A Monkey’s Heart

In ages past, Crocodile and Monkey were great friends. Crocodile lived in a river, while Monkey lived up in a tree near the same river. Crocodile would often come to the riverbank to talk to his friend Monkey.

One day Crocodile invited Monkey to his watery home. But Monkey declined. He did not know how to swim, and was afraid that he’d drown. Crocodile advised Monkey to jump onto his back, and they would ride that way till they reached their destination. Monkey agreed for it sounded reasonable. Crocodile walked to the bottom of the tree and Monkey jumped onto his scaly back. They started off for the water.

Vervet Monkey, Courtesy of Wikimedia Commons

Vervet Monkey, Courtesy of Wikimedia Commons.

As they were approaching the deepest part of the river, Crocodile reminded Monkey that this was no ordinary journey. At his home, there was an ailing patient, a king in fact. The King needed to eat a monkey’s heart in order to get well.

Monkey said that he had no problem offering up his heart to heal a king. But added that monkey’s did not travel with their hearts, as a matter of custom. His heart was safely tucked away up in the tree. Monkey therefore requested Crocodile to turn back so that they could collect his heart. Crocodile accepted and started swimming back to the river bank.

When they returned to the river bank, Monkey jumped off Crocodile’s back and pointed up the tree saying he had sighted his heart. Since Crocodiles do not climb trees, Crocodile allowed Monkey to climb up the tree to get the heart.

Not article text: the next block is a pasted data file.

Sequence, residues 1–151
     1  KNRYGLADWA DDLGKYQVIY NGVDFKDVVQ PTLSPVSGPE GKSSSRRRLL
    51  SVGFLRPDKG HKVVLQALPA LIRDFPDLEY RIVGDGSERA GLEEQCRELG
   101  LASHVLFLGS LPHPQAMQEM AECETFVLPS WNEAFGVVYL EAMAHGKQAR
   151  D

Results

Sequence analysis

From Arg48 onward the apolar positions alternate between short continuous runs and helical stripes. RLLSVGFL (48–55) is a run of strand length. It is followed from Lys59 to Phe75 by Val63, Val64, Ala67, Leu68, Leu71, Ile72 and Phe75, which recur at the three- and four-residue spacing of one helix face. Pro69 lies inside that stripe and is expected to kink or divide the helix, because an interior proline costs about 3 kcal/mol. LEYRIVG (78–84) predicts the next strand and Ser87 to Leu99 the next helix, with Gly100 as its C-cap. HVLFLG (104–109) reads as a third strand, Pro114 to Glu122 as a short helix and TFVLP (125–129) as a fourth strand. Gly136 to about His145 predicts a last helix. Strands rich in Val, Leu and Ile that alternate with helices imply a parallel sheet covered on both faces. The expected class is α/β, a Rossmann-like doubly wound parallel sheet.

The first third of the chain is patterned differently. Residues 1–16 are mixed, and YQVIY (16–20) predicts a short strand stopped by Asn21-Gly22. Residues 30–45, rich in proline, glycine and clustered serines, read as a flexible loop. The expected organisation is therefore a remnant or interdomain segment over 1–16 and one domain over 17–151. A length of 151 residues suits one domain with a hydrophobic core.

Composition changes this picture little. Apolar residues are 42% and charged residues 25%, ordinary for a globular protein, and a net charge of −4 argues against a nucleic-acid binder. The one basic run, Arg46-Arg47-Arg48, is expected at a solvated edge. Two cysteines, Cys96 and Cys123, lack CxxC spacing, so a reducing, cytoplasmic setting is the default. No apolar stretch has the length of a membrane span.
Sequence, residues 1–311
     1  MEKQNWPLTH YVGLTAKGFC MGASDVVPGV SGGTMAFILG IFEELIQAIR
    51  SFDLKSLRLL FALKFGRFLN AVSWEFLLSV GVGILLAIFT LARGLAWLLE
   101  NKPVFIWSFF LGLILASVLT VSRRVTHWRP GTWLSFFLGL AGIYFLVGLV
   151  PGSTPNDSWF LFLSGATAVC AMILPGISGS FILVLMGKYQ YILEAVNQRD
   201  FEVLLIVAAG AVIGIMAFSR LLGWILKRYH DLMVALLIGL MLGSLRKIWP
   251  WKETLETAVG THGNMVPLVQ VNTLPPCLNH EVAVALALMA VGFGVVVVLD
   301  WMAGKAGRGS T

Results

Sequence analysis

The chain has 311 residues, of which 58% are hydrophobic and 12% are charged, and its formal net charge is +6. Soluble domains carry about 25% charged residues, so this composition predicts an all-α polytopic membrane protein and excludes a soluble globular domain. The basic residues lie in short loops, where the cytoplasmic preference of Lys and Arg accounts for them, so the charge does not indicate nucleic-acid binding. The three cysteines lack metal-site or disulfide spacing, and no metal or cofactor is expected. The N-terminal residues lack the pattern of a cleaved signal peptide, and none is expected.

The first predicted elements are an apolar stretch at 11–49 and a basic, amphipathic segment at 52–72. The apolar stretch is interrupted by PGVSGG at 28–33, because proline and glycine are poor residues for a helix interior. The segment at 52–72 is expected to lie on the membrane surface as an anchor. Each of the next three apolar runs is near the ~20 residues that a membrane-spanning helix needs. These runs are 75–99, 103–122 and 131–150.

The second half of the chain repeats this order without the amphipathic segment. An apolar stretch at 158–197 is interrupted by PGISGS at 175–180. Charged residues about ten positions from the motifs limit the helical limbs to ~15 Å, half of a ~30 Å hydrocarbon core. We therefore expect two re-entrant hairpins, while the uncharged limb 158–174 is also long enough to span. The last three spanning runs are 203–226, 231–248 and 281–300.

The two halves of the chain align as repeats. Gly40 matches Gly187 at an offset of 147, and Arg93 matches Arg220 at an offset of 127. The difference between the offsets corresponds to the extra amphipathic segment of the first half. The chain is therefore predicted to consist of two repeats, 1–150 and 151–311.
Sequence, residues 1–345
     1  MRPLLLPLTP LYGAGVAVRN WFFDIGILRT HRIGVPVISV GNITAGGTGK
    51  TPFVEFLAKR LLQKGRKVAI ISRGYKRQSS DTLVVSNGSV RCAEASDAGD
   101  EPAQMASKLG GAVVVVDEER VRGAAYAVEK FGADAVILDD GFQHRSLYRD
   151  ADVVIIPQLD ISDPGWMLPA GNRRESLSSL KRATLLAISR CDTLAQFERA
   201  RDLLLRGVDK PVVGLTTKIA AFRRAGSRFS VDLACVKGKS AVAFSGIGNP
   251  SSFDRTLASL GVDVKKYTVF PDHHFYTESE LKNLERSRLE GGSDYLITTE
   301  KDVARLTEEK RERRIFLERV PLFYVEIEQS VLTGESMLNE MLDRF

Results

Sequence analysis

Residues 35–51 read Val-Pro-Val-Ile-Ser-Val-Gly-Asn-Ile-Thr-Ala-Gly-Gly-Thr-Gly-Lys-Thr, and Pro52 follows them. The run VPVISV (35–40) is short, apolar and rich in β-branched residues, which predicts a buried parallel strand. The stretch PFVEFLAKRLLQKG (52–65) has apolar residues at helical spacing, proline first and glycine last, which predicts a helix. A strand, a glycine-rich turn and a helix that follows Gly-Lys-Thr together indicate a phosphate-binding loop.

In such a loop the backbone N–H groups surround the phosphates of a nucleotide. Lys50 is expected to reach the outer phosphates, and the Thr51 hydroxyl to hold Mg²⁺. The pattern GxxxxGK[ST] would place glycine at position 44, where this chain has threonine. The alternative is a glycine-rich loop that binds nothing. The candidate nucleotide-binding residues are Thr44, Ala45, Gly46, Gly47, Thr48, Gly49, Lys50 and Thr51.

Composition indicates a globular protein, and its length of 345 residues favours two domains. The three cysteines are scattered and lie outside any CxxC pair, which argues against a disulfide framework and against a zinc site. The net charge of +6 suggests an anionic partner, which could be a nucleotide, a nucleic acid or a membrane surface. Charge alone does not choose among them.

Monkey stayed up in the tree for a very long time, and Crocodile got tired of waiting. He decided to yell for Monkey to come down at once. On hearing the gruff call of the Crocodile, Monkey parted some branches and poked his head out of the leaves.

“Why are you not coming down?” Crocodile demanded.

“You are foolish Crocodile. Leave me alone and get back into the river.”

Monkey hid himself in the thick branches of the tree, where Crocodile could not eat him. From that day on, Monkey and Crocodile ceased to be friends.

Nile Crocodile, Courtesy of Wikimedia Commons.

Nile Crocodile, Courtesy of Wikimedia Commons.

May the young mahogany tree in my mother’s ancestral home grow as I also grow.


Retold by Kiwalya Patrick. Translation from the Lugwere  by Kaigo Betty.

A monkey is called onkiima, and a crocodile is called ongoona in Lugwere.


3 thoughts on “A Monkey’s Heart

  1. You know, when grandpa told me this story, I couldn’t stop smiling. It was entertainment and ethics all in one.

    • Hi Omagor,
      Thank you for appreciating. It’s all possible due to the dedicated contributions of friends and well wishers like you.

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